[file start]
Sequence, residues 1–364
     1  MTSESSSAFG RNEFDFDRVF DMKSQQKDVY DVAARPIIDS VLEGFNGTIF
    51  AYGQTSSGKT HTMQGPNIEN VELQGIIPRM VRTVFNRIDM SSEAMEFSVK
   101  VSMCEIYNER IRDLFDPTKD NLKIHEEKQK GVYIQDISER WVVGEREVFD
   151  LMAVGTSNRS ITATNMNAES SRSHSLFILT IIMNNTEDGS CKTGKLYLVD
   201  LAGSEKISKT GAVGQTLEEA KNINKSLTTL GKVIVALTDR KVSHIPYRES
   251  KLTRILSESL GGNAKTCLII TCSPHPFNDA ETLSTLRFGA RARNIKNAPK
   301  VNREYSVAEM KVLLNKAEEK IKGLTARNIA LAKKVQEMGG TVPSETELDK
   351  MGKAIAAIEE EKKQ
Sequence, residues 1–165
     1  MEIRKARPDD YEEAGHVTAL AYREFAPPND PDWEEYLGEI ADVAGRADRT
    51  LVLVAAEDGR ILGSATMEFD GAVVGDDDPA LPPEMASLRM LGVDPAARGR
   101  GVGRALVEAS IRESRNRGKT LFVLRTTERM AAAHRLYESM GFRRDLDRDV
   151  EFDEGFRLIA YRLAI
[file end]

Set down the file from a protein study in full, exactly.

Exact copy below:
Sequence, residues 1–364
     1  MTSESSSAFG RNEFDFDRVF DMKSQQKDVY DVAARPIIDS VLEGFNGTIF
    51  AYGQTSSGKT HTMQGPNIEN VELQGIIPRM VRTVFNRIDM SSEAMEFSVK
   101  VSMCEIYNER IRDLFDPTKD NLKIHEEKQK GVYIQDISER WVVGEREVFD
   151  LMAVGTSNRS ITATNMNAES SRSHSLFILT IIMNNTEDGS CKTGKLYLVD
   201  LAGSEKISKT GAVGQTLEEA KNINKSLTTL GKVIVALTDR KVSHIPYRES
   251  KLTRILSESL GGNAKTCLII TCSPHPFNDA ETLSTLRFGA RARNIKNAPK
   301  VNREYSVAEM KVLLNKAEEK IKGLTARNIA LAKKVQEMGG TVPSETELDK
   351  MGKAIAAIEE EKKQ
Sequence, residues 1–165
     1  MEIRKARPDD YEEAGHVTAL AYREFAPPND PDWEEYLGEI ADVAGRADRT
    51  LVLVAAEDGR ILGSATMEFD GAVVGDDDPA LPPEMASLRM LGVDPAARGR
   101  GVGRALVEAS IRESRNRGKT LFVLRTTERM AAAHRLYESM GFRRDLDRDV
   151  EFDEGFRLIA YRLAI